Thursday, February 07, 2008

OpenOffice And Understanding User Work Flow

One of the things that I am tasked with this year is improving relations between OpenOffice and our users. From a technical perspective it works well, is extremely stable, easy to support and upgrade and performs all of features required for 99% of work here at the City. My goal is to fill in the gaps between this technical view, and the technique/skills of users.

We are going to have some meetings in March to identify areas of improvement, and then explore using bounties to expedite some features. A bounty will be a onetime cost that hopefully can be merged into the main distribution for everyone to use.

The hardest part in obtaining information from users is separating "feature" from "specific product". My task today was to review the functionality of Publisher 2007, because it's an often mentioned missing feature in our current work flow. From how it was described, I was expecting a super powerful layout package with advanced features. It's not that at all. I had to take off my IT/Geek/Computer hat and focus myself like a regular user. When I personally approach a document, my mind is on the substance and text. The presentation and polish is the easy part, and last 5% of my process. But in reviewing Publisher you can see that many people work exactly opposite. They need to see pictures and thumbnails, and see an empty template first. They then want to use pre-defined text boxes, and load in the text from other documents into a finished product.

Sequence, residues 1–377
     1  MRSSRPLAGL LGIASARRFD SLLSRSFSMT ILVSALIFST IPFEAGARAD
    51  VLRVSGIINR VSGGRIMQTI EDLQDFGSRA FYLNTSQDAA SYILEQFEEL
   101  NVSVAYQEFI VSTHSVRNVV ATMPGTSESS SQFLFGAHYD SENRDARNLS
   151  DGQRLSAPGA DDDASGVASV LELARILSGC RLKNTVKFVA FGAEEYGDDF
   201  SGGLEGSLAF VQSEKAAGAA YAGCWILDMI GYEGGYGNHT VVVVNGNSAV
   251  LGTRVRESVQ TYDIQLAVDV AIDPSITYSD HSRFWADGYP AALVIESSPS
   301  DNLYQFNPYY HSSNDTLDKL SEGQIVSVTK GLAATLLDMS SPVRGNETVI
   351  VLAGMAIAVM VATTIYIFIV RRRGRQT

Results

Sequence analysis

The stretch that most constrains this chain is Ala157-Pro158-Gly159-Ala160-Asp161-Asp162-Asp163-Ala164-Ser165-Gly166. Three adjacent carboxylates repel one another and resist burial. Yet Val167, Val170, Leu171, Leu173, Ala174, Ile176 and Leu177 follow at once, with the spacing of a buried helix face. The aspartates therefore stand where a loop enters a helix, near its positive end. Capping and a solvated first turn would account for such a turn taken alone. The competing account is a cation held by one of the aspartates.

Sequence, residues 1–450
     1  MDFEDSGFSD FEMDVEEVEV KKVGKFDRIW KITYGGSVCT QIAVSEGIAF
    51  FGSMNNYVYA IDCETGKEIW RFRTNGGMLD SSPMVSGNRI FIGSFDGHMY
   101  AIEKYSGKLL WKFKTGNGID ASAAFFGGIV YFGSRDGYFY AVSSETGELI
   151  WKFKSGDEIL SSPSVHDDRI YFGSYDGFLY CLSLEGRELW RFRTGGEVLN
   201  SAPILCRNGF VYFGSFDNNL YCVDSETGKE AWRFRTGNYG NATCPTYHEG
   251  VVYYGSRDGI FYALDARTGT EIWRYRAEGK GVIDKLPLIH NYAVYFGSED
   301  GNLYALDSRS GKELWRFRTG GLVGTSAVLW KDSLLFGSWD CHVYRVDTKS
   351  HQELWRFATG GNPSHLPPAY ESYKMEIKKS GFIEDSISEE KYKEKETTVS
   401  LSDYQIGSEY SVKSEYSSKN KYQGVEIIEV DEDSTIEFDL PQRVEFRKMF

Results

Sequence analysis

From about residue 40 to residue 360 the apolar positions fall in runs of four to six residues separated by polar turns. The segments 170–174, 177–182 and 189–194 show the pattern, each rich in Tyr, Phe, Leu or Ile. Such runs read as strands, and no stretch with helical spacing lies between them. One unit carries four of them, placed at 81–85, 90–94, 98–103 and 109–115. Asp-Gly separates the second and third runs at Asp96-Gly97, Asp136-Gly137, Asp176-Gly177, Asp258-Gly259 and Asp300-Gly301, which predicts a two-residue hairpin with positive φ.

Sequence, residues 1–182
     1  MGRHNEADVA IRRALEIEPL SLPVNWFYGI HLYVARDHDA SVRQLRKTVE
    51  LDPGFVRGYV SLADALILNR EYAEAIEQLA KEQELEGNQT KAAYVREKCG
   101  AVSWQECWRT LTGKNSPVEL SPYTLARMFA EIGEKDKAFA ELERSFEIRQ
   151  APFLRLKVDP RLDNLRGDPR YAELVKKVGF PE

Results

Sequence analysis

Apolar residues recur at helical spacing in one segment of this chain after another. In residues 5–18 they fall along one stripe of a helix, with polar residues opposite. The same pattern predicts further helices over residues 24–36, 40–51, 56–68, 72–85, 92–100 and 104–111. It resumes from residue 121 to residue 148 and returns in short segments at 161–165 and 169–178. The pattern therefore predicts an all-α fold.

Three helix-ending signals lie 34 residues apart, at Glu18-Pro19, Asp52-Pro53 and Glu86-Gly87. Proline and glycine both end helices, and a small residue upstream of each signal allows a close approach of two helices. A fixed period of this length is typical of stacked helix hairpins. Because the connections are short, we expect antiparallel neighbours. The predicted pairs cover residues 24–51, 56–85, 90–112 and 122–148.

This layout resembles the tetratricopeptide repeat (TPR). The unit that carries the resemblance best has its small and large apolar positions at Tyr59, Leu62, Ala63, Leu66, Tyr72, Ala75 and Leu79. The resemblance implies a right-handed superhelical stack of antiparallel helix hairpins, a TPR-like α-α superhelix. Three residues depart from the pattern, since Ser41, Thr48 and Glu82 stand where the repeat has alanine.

So experimentally I am using the thumbnailer in Nautilus to allow them to work in this manner. Instead of opening OpenOffice and constructing, I'll show them the finished product via .ott (template) files which are easily edited. I do know that OpenOffice has the ability to load templates inside the product, but I found them to be too many clicks and too hidden from view. The finished presentation needs to be the first thing they see.

Below is a shot of my first templates in this regard. I quickly built some awards and made them available from the main-menu. In this design, Openoffice isn't even seen until they have chosen their desired template. It will be interesting to see how this is received.

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